In a speech delivered on 24 February 1984, Deng emphasised the external orientation of the special economic zones and the need for greater opening.

    “We established the special economic zones for the implementation of opening policy, and there is a guiding ideology that must be clarified – which his that this isn’t about retraction, but opening.”

    During the period from 26 March to 6 April the Central Committee of the CCP and the State Council held a conference on China’s coastal cities, which called for the special economic zones to be “handled better and quicker,” as well as for the expansion of the Xiamen special economic zone to cover the entire island, and the implementation of policies for free ports.

    Shenzhen rapidly emerged as the the most prominent of China’s first four special economic zones, abetted key policy decisions made by the Beijing.

    On 1 July 1992, the 26th meeting of the Standing Committee of the NPC approved a resolution to confer Shenzhen with the power to formulate its own laws and regulations, elevating its status as an administrative unit.

    On 27 May 2009 the State Council approved the “Shenzhen Municipal Comprehensive Accompanying Overall Reform Plan” (深圳市综合配套改革总体方案).

    The Plan defined Shenzhen as “one region and four cities” (一区四市), including a “national comprehensive reform pilot zone” (全国综合配套改革试验区), a “national economic hub city” (国经济中心城市), a “state innovation model city” (国家创新型城市), an “international city” (国际化城市) and a “demonstration city for socialism with Chinese characteristics” (中国特色社会主义示范市).

    China is currently host to a total of seven special economic zones including:

    1. The Shenzhen special economic zone in Guangdong Province, approved on 26 August 1980.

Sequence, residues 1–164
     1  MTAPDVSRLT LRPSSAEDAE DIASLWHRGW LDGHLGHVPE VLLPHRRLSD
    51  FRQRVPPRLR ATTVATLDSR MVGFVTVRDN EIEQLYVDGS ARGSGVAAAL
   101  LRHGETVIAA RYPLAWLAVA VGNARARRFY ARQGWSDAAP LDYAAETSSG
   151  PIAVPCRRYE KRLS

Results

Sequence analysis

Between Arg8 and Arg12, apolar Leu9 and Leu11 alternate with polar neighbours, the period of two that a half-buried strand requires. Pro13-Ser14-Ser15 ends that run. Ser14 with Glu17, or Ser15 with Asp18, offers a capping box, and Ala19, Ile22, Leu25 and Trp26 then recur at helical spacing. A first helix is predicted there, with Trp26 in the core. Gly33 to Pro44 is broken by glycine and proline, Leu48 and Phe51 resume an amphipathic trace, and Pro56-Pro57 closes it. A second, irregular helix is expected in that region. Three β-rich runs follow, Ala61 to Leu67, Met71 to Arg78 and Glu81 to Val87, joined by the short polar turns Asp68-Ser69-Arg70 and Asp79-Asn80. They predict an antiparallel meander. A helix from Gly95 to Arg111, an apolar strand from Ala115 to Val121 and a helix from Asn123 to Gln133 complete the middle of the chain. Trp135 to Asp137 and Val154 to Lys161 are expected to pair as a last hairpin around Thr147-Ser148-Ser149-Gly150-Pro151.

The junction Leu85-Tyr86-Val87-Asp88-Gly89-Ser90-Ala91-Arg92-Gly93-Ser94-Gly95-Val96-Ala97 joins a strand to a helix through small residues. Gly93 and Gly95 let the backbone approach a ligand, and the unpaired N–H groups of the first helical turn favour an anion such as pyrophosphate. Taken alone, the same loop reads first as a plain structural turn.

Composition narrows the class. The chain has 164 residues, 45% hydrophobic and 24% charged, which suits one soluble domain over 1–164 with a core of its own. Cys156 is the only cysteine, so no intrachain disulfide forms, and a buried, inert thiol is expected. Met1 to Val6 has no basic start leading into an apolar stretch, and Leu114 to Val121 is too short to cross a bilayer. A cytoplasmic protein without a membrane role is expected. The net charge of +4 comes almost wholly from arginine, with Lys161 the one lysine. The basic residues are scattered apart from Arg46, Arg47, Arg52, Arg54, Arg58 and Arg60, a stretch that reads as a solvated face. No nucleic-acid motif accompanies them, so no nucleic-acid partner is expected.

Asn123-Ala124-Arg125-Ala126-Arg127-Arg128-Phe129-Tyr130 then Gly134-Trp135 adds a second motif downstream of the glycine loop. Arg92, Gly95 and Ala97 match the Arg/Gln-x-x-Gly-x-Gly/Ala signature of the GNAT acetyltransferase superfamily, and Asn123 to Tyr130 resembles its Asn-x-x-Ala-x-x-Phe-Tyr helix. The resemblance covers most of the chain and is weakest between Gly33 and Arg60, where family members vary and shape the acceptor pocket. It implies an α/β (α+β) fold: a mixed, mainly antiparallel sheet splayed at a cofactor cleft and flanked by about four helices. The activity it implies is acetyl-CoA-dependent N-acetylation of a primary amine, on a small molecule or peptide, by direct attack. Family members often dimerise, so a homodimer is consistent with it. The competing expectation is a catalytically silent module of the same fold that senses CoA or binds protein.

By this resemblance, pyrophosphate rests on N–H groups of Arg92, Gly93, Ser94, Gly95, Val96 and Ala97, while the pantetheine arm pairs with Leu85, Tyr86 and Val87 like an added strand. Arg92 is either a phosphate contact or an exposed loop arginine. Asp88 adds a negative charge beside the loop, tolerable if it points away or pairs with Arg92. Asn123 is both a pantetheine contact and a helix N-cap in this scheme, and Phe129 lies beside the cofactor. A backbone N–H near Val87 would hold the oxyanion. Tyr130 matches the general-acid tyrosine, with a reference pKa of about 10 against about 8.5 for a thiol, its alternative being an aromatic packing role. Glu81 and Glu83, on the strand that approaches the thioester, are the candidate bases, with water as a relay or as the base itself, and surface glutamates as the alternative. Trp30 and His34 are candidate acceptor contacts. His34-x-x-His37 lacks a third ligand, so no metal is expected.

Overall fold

2. The Zhuhai special economic zone in Guangdong Province, approved on 26 August 1980.
    3. The Xiamen special economic zone in Fujian Province, approved on 7 October 1980.
    4. The Shantou special economic zone in Guangdong Province, approved on 16 October 1981.
    5. The Hainan special economic zone in Hainan province, approved on 13 April 1988.
    6. The Kashgar special economic zone in the Xinjiang Uighur Autonomous Region, approved in May 2010.
    7. The Khorgas special economic zone in the Xinjiang Uighur Autonomous Region, approved in May 2010.

    The State Council highlighted the key significance of China’s special economic zones in the “Guidance Opinions on Supporting Henan Province in Accelerating the Development of a Central Plains Economic Zone” (国务院关于支持河南省加快建设中原经济区的指导意见) released in October 2011.

    These include:

    1. Using foreign capital to introduce technology, raising the quality of products and strengthen the competitiveness of products.
    2. Using foreign commercial sales channels to adapt to the needs and habits of the international market place, thus expanding exports and increasing forex revenues.
    3. Facilitating the introduction of advanced technology and understanding global economic information.
    4. Facilitating the study of modern management and business experiences and training up management personnel.
    5. Expanding channels for Chinese to go out into the world, and opening a window for the world to understand China’s reform and opening policies.